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Olympus Corporation (オリンパス株式会社 Orinpasu Kabushiki-gaisha ) is a Japan-based company that manufactures optics and reprography products. Olympus was established on 12 October, 1919, initially specialized in microscope and thermometer businesses. It global headquarters are in Shinjuku, Tokyo, Japan, while its United States' operations are based in Center Valley, Pennsylvania, and European operations are based in Hamburg, Germany. It's original global headquarters was in Hatagaya, but it is currently under reconstruction.
Cameras & audio
In 1936, Olympus introduced its first camera, the Semi-Olympus I. The first innovative camera series from Olympus was the PEN, launched in 1959. Half-frame format, allowing 72 pictures of 18 × 24mm format on a standard 36 exposure roll of film, made PEN cameras compact and portable for their time.
The PEN system design team, led by Yoshihisa Maitani, later created the OM system, a full-frame professional 35mm SLR system designed to compete with Nikon and Canon's bestsellers. The OM system introduced a new trend towards more compact cameras and lenses, being much smaller than its competitors and presenting innovative design features such as off-the-film (OTF) metering and OTF flash automation. Eventually the system included 14 different bodies, approximately 60 Zuiko-branded lenses, and numerous camera accessories.
However, Olympus did not implement autofocus, ultimately leading to their decline as a maker of professional film camera systems.
In 1983, Olympus, along with Canon, branded a range of video recording equipment manufactured by JVC, and called it "Olympus Video Photography", even employing renowned photographer Terance Donovan to promote the range. A second version of the system was available the year after, but this was Olympus' last foray into the world of consumer video equipment until digital cameras became popular.
Olympus is a leading manufacturer of digital cameras, with a large range of compact digital cameras. Olympus is the designer of the Four-Thirds System standard for digital single-lens reflex camera design and development. The Four-Thirds system includes the first consumer-grade digital SLRs to feature live preview, a feature now adopted by all major DSLR makers. Olympus' flagship DSLR camera is the E-5 released in 2010. Olympus is also the largest manufacturer of Four-Thirds lenses, under the Zuiko brand.
At one time Olympus cameras used only the proprietary xD-Picture Card for storage media. This storage solution is less popular than more common formats, and recent cameras can use SD and CompactFlash cards. The most recent development is Olympus' focus on the Micro Four Thirds system.
Olympus also invented the Microcassette. The Olympus Pearlcorder L400, released in the 1980s, was the smallest and lightest Microcassette Voice recorder ever offered for sale, 2.9 (L) × 0.8 (H) × 2.0 in. (W) / 73 (L) × 20 (H) × 52 (W) 3.2 oz (91 g).
Medical and surgical
Olympus manufactures endoscopic, ultrasound, cleaning & disinfection equipment, and microscopes. Since the beginning, the company has also been a manufacturer of microscopes and optics for specialised needs, such as medical use. The first microscope manufactured at Olympus was called the Asahi. Nowadays Olympus is a worldwide renowned manufacturer of microscopes. Olympus offers a complete range of microscopes, which covers applications from education and routine studies up to state of the art research imaging systems both in life science and materials science.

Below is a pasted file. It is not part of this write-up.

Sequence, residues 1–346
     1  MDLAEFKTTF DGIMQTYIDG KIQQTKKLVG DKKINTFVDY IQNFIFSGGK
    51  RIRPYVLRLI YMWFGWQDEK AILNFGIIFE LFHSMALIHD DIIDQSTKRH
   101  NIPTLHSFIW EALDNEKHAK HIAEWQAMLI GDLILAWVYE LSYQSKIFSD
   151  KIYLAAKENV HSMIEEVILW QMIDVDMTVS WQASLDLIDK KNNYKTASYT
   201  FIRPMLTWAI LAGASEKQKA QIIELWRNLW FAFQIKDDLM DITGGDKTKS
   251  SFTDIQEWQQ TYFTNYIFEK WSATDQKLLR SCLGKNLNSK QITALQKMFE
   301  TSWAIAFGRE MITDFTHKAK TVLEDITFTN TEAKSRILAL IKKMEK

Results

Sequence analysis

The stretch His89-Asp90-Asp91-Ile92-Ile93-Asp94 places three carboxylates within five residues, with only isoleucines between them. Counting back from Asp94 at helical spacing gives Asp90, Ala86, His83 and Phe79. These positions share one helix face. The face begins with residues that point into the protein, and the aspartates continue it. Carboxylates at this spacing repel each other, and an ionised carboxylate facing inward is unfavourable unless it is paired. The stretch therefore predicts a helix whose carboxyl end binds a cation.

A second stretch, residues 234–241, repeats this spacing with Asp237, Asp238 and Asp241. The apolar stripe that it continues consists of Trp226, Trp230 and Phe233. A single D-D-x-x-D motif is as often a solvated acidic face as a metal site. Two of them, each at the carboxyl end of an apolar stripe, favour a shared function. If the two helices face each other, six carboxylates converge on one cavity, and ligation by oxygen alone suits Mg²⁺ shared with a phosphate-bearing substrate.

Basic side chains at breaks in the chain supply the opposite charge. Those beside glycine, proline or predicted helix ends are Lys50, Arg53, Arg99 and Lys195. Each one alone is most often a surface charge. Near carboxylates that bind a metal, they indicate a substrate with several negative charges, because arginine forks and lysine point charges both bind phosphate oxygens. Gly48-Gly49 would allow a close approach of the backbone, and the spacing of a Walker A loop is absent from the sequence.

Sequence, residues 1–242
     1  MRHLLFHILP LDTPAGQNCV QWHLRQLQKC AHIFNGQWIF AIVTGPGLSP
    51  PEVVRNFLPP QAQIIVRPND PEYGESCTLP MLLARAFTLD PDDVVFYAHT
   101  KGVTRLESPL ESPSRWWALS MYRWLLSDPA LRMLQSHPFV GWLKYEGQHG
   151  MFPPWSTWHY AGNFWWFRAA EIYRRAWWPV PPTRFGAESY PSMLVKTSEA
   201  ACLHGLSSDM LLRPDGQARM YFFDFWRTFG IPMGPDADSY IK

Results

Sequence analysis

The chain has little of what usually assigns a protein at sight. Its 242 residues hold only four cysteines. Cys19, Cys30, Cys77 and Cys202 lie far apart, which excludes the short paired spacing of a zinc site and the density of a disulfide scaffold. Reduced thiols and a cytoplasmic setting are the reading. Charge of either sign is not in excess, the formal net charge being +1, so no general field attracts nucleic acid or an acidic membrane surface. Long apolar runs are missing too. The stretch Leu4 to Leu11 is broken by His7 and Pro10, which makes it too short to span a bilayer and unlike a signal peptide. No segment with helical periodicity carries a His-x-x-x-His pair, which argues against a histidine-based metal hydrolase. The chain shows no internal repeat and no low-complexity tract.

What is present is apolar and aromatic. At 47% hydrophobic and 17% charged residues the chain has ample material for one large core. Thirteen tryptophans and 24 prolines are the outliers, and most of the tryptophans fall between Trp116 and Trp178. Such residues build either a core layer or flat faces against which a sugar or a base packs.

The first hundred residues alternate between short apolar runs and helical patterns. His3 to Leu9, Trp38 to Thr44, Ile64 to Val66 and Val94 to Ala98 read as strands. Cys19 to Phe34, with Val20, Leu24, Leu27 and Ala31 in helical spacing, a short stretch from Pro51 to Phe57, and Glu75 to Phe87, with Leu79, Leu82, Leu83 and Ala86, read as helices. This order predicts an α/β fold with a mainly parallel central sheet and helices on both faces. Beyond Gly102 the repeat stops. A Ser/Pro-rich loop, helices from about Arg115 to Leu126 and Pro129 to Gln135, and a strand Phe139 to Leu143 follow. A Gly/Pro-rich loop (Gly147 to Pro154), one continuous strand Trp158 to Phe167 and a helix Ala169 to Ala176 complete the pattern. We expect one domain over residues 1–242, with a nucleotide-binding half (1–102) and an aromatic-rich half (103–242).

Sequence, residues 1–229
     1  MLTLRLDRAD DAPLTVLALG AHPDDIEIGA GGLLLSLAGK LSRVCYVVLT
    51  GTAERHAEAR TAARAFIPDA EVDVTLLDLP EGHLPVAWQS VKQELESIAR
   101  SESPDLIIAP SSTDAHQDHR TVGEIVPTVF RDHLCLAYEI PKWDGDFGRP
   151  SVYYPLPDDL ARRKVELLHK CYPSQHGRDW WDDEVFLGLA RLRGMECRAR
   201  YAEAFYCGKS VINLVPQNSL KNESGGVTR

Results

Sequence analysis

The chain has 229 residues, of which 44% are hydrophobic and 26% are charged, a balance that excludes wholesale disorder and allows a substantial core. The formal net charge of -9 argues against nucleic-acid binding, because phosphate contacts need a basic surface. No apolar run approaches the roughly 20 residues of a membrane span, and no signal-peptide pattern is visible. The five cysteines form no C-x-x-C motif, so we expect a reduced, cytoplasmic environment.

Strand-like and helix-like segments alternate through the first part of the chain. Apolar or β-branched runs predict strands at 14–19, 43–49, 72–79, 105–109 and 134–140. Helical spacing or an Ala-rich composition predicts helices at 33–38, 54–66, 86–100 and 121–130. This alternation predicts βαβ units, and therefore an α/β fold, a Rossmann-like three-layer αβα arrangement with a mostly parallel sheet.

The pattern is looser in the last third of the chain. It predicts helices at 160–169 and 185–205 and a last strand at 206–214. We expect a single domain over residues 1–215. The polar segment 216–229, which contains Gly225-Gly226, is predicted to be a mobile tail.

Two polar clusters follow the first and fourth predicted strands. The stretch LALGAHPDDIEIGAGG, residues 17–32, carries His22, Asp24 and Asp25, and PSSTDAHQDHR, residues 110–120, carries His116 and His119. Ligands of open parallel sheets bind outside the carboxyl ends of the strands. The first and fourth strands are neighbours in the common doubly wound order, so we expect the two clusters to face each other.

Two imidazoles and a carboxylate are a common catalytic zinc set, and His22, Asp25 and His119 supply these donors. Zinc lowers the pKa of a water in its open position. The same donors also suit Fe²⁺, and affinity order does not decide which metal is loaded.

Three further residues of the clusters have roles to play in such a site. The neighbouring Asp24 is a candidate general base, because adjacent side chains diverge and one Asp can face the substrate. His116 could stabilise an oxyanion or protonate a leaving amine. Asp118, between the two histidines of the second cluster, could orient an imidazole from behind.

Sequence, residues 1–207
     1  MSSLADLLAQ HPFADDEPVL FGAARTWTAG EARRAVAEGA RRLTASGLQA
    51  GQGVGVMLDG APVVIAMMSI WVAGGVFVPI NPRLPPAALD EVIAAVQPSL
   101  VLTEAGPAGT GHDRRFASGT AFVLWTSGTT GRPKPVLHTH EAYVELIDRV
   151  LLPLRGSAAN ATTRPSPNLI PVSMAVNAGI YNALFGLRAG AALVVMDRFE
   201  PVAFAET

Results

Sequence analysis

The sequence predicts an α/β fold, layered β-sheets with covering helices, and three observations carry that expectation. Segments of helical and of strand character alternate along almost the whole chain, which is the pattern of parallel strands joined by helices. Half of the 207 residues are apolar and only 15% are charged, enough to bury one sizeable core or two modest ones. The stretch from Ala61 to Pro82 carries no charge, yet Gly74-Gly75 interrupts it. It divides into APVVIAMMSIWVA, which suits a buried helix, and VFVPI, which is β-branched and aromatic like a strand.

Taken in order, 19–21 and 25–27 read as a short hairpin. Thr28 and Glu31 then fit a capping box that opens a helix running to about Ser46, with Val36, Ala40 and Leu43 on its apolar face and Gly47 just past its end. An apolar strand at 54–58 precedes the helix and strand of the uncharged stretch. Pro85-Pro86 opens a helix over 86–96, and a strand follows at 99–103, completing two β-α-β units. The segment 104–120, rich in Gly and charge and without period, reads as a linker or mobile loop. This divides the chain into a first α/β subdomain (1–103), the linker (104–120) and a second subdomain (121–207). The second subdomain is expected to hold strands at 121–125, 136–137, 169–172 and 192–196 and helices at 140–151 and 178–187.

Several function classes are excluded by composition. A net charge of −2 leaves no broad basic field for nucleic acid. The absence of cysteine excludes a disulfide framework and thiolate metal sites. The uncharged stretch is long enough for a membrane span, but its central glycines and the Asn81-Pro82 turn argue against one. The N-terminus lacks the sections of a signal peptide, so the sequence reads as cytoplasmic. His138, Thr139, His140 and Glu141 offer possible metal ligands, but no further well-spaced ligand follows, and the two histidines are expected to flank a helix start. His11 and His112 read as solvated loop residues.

Olympus manufactures and sells industrial scanners, flaw detectors, probes and transducers, thickness gages, digital cameras, image analysis software, industrial videoscopes, fiberscopes, light sources, XRF and XRD analyzers, and high-speed video cameras.
Evolution of the name & logo
- 1919: The company was founded as Takachiho Seisakusho. In Japanese mythology, deities live on Takamagahara, the peak of Mt. Takachiho. The first corporate logo was TOKIWA, derived from Tokiwa Shokai, the company that the founder, Takeshi Yamashita, had worked for. Tokiwa Shokai held an equity stake in Takachiho Seisakusho and was responsible for marketing Takachiho products. The logo reads "TOKIWA TOKYO". The "G" and "M" marks above are believed to be the initials of, Goro Matsukata, the president of Tokiwa Shokai.
- 1921: The Olympus brand was introduced in February 1921. This logo was used for microscopes and other products. Brochures and newspaper ads for cameras also used this logo. The OLYMPUS TOKYO logo is still in use today. There was a period in which OIC was used instead of TOKYO in the logo. OIC stood for Optical Industrial Company, which was a translation of Olympus' Japanese corporate name at that time. This logo was used for the GT-I and GT-II endoscopes, among others.
- 1942: The company was renamed to Takachiho Optical Co., Ltd., when optical products became the mainstay of the company.
- 1949: The name changed to Olympus Optical Co., Ltd. It was named after Mount Olympus, which like Mt. Takachiho is the home of gods, this time of Greek mythology. In the words of the company, they chose the name to "reflect its strong aspiration to create high-quality, world-famous products".
- 1970: The new logo was designed to give impressions of quality and sophistication.
- 2001: The yellow line underneath the new logo is called the "Opto-Digital Pattern" and it represents light and boundless possibilities of digital technology. It symbolizes dynamic and innovative nature of Opto-Digital Technology and Olympus Corporation. This logo is called the Communication Symbol of Olympus and it represents Olympus' brand image.
- 2003: Renamed Olympus Corporation.